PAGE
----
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The following is an archive of a post made to our 'vox-tech mailing list' by one of its subscribers.

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Re: [vox-tech] Journaling File Systems
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Re: [vox-tech] Journaling File Systems



> IANAE, but this is completely the opposite of what I've understood,
> given a brief overview of exactly how journaling fs's work.  They are
> substantially /more/ reliable as well as faster on boot; because they
> journal (hence the name) every option immediately prior to attempting
> it, and then mark it as completed once it's through.  This way, they
> have a record of all the things that completed successfully, and a
> short, easily accessible list of any operations which did /not/
> complete successfully, and so rather than checking the /entire/ disk,
> they can simply check the operations which didn't complete, and revert
> them to the value they held before the crash.  The tradeoff is not
> reliability at all - you're getting reliability as a /benefit/ of
> using a journaling fs, along with the speedier boot.  The tradeoff
> (there always is one), is more disk space being used by the fs for the
> journaling.
> 
> Okay, guys, correct me where I'm wrong!

In a theoretical world where no sector dies, no corrupted data gets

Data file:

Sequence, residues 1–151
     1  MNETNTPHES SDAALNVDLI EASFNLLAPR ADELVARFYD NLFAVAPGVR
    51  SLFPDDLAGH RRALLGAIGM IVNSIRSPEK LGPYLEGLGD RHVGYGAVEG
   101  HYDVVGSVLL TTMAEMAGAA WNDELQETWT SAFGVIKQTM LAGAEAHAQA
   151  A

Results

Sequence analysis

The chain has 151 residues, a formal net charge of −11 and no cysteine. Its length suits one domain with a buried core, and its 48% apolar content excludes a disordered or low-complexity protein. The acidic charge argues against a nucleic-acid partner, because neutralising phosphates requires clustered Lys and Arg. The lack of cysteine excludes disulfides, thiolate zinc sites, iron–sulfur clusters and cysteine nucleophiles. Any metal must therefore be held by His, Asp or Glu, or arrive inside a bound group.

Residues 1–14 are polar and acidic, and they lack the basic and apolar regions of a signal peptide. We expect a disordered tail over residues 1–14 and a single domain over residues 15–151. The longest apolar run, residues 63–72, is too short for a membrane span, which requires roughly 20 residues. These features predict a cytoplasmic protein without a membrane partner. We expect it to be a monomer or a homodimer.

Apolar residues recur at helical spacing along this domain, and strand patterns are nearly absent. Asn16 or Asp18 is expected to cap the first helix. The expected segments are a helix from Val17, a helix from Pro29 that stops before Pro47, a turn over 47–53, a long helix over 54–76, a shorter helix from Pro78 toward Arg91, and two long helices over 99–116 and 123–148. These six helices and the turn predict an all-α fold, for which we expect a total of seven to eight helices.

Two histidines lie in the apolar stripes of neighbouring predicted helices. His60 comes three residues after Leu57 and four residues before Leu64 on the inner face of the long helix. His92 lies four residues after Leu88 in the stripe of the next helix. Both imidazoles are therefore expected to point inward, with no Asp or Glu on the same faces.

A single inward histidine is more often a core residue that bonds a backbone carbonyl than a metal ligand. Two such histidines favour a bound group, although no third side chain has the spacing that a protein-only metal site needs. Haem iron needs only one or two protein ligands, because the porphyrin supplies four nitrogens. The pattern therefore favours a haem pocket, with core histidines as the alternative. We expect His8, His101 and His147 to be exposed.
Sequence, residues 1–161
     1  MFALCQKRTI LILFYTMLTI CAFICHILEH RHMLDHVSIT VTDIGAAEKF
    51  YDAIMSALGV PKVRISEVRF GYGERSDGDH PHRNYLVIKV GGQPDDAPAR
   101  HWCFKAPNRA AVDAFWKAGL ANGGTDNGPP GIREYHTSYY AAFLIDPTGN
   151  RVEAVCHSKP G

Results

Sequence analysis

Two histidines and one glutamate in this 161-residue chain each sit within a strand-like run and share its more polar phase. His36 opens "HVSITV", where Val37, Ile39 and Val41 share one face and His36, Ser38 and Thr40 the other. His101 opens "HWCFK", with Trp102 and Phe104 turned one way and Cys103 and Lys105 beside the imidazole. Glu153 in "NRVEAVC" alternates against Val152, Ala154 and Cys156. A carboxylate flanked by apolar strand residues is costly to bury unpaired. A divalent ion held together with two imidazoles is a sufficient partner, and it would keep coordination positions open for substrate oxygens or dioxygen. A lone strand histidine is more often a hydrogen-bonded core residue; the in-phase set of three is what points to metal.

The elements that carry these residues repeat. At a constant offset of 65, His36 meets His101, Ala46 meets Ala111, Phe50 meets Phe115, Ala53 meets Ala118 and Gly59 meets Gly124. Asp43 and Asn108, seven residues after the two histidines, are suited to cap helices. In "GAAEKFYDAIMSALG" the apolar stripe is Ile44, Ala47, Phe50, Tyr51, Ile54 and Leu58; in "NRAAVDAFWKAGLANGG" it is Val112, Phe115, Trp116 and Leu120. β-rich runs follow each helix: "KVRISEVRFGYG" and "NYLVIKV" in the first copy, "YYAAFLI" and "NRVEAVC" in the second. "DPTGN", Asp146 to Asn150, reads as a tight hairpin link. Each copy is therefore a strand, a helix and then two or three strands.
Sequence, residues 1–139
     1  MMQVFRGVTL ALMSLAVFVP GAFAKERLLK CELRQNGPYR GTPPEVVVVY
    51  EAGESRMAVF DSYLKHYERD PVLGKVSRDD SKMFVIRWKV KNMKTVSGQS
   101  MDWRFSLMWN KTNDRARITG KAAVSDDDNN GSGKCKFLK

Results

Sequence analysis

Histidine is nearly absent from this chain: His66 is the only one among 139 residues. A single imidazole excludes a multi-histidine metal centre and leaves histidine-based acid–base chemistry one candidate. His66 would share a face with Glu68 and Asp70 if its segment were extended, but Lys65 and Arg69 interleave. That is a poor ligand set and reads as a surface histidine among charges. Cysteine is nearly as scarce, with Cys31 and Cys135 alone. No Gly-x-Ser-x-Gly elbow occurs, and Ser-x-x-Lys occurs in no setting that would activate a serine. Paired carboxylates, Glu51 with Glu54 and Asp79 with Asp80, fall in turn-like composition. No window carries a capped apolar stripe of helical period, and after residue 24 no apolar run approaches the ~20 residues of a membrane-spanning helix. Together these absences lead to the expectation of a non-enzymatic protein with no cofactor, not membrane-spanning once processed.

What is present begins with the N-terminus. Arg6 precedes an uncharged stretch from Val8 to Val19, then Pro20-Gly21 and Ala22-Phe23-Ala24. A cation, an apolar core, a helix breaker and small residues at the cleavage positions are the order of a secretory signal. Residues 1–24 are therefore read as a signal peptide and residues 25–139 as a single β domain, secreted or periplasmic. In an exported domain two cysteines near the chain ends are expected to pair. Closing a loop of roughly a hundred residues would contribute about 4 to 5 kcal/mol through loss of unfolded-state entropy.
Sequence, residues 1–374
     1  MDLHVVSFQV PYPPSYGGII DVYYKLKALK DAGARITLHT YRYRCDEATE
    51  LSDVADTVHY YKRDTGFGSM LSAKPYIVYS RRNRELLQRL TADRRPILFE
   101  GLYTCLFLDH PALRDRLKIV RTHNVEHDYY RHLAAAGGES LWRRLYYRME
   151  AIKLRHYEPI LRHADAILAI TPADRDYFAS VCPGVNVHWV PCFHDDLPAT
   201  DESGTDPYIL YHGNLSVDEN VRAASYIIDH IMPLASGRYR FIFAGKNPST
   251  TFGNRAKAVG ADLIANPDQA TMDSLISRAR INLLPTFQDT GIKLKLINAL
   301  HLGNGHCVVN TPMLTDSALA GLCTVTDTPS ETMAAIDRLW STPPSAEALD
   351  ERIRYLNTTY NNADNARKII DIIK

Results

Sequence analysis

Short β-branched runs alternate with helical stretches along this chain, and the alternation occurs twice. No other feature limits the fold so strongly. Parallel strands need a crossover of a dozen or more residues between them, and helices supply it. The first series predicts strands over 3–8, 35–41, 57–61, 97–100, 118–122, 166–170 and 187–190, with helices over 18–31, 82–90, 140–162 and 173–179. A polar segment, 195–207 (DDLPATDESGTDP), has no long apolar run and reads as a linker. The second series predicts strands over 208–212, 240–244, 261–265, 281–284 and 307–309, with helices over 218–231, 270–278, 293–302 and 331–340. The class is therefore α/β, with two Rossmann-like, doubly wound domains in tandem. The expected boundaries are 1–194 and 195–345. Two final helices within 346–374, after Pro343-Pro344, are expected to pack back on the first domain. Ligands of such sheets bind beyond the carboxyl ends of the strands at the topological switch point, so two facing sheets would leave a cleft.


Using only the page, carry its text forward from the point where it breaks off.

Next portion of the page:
written, no valid data ends up on the wrong block, and no OS, application,
or device driver errors your correct.

You should only lose data that was never writen or happens to be in the
journal as having been partially completed are lost.

But in the real world corruptions do happen, and just because a
transaction is completed and removed from the journal does not mean that
the large elaborate datastructure that contains the disks metadata is
not corrupted.

Theres no way to verify similar without actually reading it and double
checking whatever checksums, consistancy checks, and redundant info
checks.

So basically you can be MUCH more sure of a disk that has been fscked
and reported no errors then you can be a journaled filesystem where the
os double checks the transaction journal and deems the filesystem "clean".

--
Bill


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